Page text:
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Our obsession with the multiverse is partly why D&D's Planescape is coming back

 Planescape Lady of Pain beside a map of the Outlands
Planescape Lady of Pain beside a map of the Outlands

Planescape for D&D is weird. Actually, that's the point. Traditional fantasy takes one look at it before turning around on its heel and wandering off for something more sensible.

With Planescape: Adventures in the Multiverse bearing down on us in October, we caught up with the team behind it during Gen Con 2023 to see just what the hell is going on with what is arguably one of the most bizarre settings in D&D.

Into the D&D-verse

A Modron and Gnome ready themselves for battle in Planescape: Adventures in the Multiverse alternate artwork
A Modron and Gnome ready themselves for battle in Planescape: Adventures in the Multiverse alternate artwork

If you're new to Planescape, forget everything you know about Dungeons and Dragons books for a second. Created in the '90s and relegated to cult-classic status after the setting was dropped (though a certain video game of the same name kept its legend alive), this isn't your average swords-and-sorcery world. As designer and Planescape lead Wes Schneider describes it, the setting is cut from the same cloth as stories like "Doctor Who, or Everything Everywhere All at Once, or Loki… this is mind-bending impossibility, tampering with what we know as the laws of reality, and shattering them."

Basically, Planescape revolves around a city called 'Sigil' that squats at the center of the D&D multiverse. However, this isn't your standard-issue medieval city. Instead, it's more like the Citadel from Mass Effect; it's a floating ring with a thriving metropolis running along the inside. It's also a nexus point that can take you anywhere. It's known as the 'City of Doors' for good reason; it's littered with portals to every setting in the Dungeons & Dragons franchise. Schneider describes Sigil as "the ultimate hub. It's any adventure you want to have literally anywhere in D&D. Any place else you can imagine is one step away."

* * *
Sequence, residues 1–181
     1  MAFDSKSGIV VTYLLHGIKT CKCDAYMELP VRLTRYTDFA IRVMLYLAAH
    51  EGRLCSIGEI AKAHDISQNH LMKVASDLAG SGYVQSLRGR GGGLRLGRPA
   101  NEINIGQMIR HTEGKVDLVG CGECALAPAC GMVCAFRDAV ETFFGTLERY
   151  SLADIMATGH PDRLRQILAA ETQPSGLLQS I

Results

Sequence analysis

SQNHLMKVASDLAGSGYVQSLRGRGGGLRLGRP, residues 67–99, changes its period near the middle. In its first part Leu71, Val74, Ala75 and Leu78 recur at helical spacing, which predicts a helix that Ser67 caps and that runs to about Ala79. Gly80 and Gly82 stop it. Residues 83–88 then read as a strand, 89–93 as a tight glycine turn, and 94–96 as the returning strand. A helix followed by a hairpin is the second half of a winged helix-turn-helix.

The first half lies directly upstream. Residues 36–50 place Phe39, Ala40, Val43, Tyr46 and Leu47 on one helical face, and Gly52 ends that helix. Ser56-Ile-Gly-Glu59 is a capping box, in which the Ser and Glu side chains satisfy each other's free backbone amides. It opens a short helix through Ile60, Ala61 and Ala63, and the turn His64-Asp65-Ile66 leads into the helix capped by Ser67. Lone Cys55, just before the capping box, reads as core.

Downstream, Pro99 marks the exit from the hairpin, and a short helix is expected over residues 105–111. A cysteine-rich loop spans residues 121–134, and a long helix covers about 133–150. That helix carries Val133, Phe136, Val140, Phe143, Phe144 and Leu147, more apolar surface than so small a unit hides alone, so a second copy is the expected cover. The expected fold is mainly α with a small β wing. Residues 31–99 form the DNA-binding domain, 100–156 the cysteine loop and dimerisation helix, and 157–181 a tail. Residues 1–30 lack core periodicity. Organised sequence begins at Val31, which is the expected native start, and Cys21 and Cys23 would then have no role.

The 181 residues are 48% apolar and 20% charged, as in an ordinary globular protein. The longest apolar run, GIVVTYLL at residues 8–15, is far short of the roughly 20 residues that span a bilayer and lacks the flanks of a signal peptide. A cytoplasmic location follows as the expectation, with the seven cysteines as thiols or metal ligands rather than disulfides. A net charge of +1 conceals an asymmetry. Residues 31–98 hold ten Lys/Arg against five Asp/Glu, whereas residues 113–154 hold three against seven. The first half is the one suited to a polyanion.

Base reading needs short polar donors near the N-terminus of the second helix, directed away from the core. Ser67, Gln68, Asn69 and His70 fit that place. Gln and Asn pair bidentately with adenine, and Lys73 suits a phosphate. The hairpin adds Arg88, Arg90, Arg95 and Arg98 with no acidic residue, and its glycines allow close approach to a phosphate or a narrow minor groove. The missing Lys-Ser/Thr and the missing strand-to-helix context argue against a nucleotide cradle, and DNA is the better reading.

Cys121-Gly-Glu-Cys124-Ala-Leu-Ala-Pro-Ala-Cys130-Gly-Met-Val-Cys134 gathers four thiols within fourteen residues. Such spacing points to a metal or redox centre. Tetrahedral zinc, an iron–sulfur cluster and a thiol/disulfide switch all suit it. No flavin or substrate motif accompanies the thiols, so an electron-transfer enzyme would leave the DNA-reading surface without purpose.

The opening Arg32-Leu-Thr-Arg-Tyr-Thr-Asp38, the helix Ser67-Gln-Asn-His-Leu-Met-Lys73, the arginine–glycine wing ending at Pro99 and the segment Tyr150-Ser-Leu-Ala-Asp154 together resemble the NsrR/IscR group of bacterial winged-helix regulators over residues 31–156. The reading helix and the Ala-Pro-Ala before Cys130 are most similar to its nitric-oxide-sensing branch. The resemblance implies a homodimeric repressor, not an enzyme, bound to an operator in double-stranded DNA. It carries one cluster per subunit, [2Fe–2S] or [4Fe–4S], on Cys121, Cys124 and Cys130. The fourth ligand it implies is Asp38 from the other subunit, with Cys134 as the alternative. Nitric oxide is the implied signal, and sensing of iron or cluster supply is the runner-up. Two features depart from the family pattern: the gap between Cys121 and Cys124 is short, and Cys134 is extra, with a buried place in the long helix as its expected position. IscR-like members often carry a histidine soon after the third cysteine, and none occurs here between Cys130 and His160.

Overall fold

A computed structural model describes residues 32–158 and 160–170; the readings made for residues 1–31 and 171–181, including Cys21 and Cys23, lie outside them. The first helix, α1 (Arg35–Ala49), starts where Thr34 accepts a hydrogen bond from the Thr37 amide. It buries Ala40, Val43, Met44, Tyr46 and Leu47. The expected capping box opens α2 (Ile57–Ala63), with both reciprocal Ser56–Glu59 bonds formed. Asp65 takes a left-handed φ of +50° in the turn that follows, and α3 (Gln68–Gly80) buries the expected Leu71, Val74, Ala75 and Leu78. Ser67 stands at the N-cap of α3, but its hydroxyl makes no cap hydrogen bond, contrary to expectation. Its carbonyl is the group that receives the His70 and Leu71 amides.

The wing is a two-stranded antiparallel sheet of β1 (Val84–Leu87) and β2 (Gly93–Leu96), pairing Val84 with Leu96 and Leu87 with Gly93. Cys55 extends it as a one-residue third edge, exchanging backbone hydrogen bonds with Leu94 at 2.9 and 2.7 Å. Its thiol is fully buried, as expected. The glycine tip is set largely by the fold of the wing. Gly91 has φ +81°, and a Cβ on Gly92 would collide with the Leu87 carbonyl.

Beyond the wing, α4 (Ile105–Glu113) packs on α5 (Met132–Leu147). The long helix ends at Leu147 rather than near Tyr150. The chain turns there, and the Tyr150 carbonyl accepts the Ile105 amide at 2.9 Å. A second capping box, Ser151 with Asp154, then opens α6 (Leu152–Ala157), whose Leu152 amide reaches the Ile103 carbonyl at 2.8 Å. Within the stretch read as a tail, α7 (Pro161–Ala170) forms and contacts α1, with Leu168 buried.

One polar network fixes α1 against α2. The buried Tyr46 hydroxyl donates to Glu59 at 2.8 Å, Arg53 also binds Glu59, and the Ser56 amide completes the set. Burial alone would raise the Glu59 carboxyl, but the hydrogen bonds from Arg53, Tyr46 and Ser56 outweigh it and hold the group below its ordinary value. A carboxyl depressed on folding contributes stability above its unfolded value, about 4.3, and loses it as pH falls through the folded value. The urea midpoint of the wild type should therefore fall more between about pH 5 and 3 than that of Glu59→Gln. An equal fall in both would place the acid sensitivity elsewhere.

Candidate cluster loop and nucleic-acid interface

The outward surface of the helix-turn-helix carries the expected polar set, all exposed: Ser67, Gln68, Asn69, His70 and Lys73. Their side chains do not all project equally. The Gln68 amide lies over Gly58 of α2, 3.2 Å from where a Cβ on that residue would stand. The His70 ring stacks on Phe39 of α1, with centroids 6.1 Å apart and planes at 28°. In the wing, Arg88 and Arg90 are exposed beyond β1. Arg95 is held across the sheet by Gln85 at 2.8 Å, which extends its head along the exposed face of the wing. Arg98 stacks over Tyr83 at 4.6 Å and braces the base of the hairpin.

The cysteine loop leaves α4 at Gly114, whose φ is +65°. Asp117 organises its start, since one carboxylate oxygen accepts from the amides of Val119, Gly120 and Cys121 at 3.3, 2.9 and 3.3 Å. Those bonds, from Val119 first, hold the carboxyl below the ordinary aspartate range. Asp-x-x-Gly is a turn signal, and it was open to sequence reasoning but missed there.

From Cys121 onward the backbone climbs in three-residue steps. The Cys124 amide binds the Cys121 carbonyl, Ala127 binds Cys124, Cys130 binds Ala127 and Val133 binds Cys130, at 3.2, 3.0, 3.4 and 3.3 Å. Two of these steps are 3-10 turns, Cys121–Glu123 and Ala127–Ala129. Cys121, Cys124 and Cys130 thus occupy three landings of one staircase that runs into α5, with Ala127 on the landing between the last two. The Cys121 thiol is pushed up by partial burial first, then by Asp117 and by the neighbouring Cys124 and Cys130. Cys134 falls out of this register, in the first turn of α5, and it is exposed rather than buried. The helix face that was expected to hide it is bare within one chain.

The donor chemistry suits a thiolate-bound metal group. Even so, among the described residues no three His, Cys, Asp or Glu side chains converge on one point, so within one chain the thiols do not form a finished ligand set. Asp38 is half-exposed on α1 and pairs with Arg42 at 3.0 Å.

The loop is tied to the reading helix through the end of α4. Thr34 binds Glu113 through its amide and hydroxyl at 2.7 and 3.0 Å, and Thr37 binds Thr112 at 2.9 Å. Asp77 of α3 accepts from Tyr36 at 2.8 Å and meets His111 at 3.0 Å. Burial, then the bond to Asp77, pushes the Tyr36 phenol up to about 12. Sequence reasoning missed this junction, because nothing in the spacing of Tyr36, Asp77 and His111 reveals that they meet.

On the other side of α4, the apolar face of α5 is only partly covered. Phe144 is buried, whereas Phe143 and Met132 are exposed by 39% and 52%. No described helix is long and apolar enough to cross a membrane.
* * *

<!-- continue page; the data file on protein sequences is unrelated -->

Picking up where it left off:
Iron Maiden

The Lady of Pain looks out across the city of Sigil in Planescape: Adventures in the Multiverse
The Lady of Pain looks out across the city of Sigil in Planescape: Adventures in the Multiverse

There are people from literally every world living in Sigil, and that means tensions can run high. However, the peace is kept by a mysterious figure known as the 'Lady of Pain.' Nobody knows who or what this creature is, but they're who makes sure everyone stays in line.

For senior designer Jason Tondro, this allows players to transition between settings without having to tear up what's come before.

"If I'm running like my own home group, and we've been playing for a while, maybe things are a little stale, or they've hit that level where they're ready to start traveling to other worlds and other planes," he says. "I can give them access to everything without trashing that current campaign or having to start a new one… it intersects seamlessly within your home groups in your home settings."

This freedom helped Planescape catch fire back when it launched in the '90s, and a certain video game of the same name didn't hurt its popularity. But a lot has changed in the decades since. Why bring back the setting now? In a nutshell, it's because we're ready for it - over the last few years, pop culture has made 'the multiverse' a household name.

These things that might have been fringe concepts several decades ago are now mainstream

"25 years ago, I don't think you could have gone to somebody who wasn't immersed in nerd culture and asked about the multiverse and have them give you a solid answer," Schneider says. "Our collective imaginations evolve over time, our stories evolve over time. These things that might have been fringe concepts several decades ago are now mainstream, or some of the biggest Oscar winners in history. So that was all brewing as we wanted to start working on this - the concept of a multiverse, different planes, traveling between realms. This is something that is not fringe fantasy anymore."